Could carbon financing boost green wastewater treatment?

Wednesday, 24 April, 2024

Could carbon financing boost green wastewater treatment?

Researchers from Colorado State University have explored the potential of using carbon financing to fund green wastewater-treatment approaches that go beyond existing greywater treatment practices.

Carbon financing is the mechanism by which companies will voluntarily buy ‘carbon credits’ on an open market in order to offset their own emissions. These credits represent a reduction or removal of carbon from the atmosphere that can be accomplished in a variety of ways (eg, tree planting, renewable energy projects, carbon sequestration).

Based on data collected at over 22,000 facilities, the report from Colorado’s Walter Scott, Jr. College of Engineering explored the relationship between emissions, costs and treatment capabilities for utility operators and decision-makers. It found that if carbon financing were to subsidise green infrastructure and technology solutions, this could save US$15.6 billion and just under 30 million tonnes of CO2-equivalent emissions over 40 years. The findings have been published in Nature Communications Earth and Environment.

The work examined both point-source water treatment and non-point sources of water pollution.

Traditional point-source water treatment facilities — or ‘grey-infrastructure’ systems — such as sewage plants remove problem nutrients like nitrogen and phosphorus before releasing water back into circulation. Existing facilities already account for 2% of all energy use in the US and 45 million tonnes of CO2 emissions, according to Braden Limb, first author on the paper and a PhD student in the Department of Systems Engineering.

A significant source of freshwater contamination in the US comes from non-point source activity such as fertiliser runoff from agriculture entering rivers. Other non-point sources of pollution can come from wildfires — aided by climate change — or urban development, for example.

Limb said that rather than building more grey-infrastructure treatment facilities to address these growing issues, the paper explores green approaches financed through carbon markets that can tackle both types simultaneously.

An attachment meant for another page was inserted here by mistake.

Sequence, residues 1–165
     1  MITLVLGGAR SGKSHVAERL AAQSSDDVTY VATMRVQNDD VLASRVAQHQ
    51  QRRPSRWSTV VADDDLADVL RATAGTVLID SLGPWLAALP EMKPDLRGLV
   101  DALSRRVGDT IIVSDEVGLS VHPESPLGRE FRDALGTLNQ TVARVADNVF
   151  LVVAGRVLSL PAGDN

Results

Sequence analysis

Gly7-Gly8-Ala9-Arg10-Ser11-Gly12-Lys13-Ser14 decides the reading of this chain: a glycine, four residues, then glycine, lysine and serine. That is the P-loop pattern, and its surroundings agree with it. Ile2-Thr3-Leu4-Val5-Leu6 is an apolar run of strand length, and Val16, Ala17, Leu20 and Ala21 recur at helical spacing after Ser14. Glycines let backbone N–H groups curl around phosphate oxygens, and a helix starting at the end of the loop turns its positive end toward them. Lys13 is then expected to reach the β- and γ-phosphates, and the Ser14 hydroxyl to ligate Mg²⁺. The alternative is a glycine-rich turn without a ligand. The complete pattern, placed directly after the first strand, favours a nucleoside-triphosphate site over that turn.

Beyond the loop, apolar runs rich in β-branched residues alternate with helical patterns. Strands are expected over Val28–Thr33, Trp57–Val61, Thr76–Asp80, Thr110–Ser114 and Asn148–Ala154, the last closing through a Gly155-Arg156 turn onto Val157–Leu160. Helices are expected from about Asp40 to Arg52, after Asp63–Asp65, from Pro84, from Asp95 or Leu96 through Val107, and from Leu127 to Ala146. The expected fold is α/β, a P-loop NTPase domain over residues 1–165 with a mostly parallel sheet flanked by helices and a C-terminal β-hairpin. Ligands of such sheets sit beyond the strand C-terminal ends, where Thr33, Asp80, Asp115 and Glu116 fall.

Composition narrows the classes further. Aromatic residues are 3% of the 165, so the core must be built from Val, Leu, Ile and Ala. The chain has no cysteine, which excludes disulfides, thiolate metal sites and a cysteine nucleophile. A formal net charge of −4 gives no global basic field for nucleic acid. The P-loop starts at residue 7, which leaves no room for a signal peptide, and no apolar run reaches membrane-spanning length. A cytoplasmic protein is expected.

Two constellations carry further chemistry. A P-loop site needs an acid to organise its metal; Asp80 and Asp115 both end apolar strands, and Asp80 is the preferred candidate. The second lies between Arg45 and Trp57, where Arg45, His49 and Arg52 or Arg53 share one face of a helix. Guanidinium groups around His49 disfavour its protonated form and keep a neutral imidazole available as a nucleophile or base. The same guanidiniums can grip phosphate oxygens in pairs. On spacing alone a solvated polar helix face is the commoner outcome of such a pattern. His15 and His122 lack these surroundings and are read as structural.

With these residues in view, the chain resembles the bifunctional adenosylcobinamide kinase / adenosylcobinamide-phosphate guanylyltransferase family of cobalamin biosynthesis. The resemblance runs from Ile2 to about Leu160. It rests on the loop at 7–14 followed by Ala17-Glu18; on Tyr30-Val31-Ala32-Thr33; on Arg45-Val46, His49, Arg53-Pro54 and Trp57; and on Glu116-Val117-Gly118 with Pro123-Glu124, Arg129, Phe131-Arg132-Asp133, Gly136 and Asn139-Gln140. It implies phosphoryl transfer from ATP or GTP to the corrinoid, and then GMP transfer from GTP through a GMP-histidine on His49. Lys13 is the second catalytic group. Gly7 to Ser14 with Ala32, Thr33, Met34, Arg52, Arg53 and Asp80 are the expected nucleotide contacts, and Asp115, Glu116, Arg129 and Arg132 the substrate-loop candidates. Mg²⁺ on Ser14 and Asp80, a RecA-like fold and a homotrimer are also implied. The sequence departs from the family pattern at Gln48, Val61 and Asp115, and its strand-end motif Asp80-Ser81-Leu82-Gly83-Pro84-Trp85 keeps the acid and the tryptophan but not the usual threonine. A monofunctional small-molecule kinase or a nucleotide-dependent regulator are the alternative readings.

“There could be a switch to nature-based solutions such as constructing wetlands or reforestation instead of building yet another treatment facility,” he said. “Those options could sequester over 4.2 million carbon dioxide emissions per year over a 40-year time horizon and have other complementary benefits we should be aiming for, such as cheaper overall costs.”

While there are financing markets for water that operate in a similar way to carbon financing, water has the challenge of being more localised than air quality and carbon — something that has limited the value of water market trades in the past. The paper suggests that these existing markets could be improved, and that carbon markets could also be leveraged to change some of the financial incentives farmers have around water treatment and impacts from their activity.

The researchers found that using the markets could generate $679 million annually in revenue, representing an opportunity to further motivate green infrastructure solutions within water quality trading programs to meet regulated standards.

“These findings draw a line in the sand that shows what the potential for adopting green approaches in this space is — both in terms of money saved and total emissions reduced,” said Braden Limb, first author on the paper and a PhD student in the Department of Systems Engineering.

“It is a starting point to understand what routes are available to us now and how financing strategies can elevate water treatment from a somewhat local issue into something that is addressed globally through market incentives.”

Mechanical Engineering Professor Jason Quinn, a co-author on the study, said the findings had some limitations, but were an important first step in modelling both the problem and opportunity available now. He said the results in the paper have supported new research at CSU with the National Science Foundation to further develop the needed carbon credit methodology with stakeholders.

“This is the first time we are considering air and water quality simultaneously — water is local and carbon is global,” he said. “But by bringing these market mechanisms together we can capitalise on a window of opportunity to accelerate the improvement of America’s rivers as we transition to a renewable energy and restored watershed future.”

Image caption: The Big Thompson River in Rocky Mountain National Park. Image credit: Colorado State University.

Related News

Whyalla's salty wastewater system gets $2m upgrade

Whyalla's sewer network faces the challenge of highly saline groundwater, which can...

Sydney Water prepares for expansion of NW Sydney

The 10-year program aims to accommodate an additional 200,000 new house connections in...

Melbourne sewerage network prepares for growing population

Yarra Valley Water has signed a five-year contract with Waternish Engineering and Service Stream...

  • All content Copyright © 2024 Westwick-Farrow Pty Ltd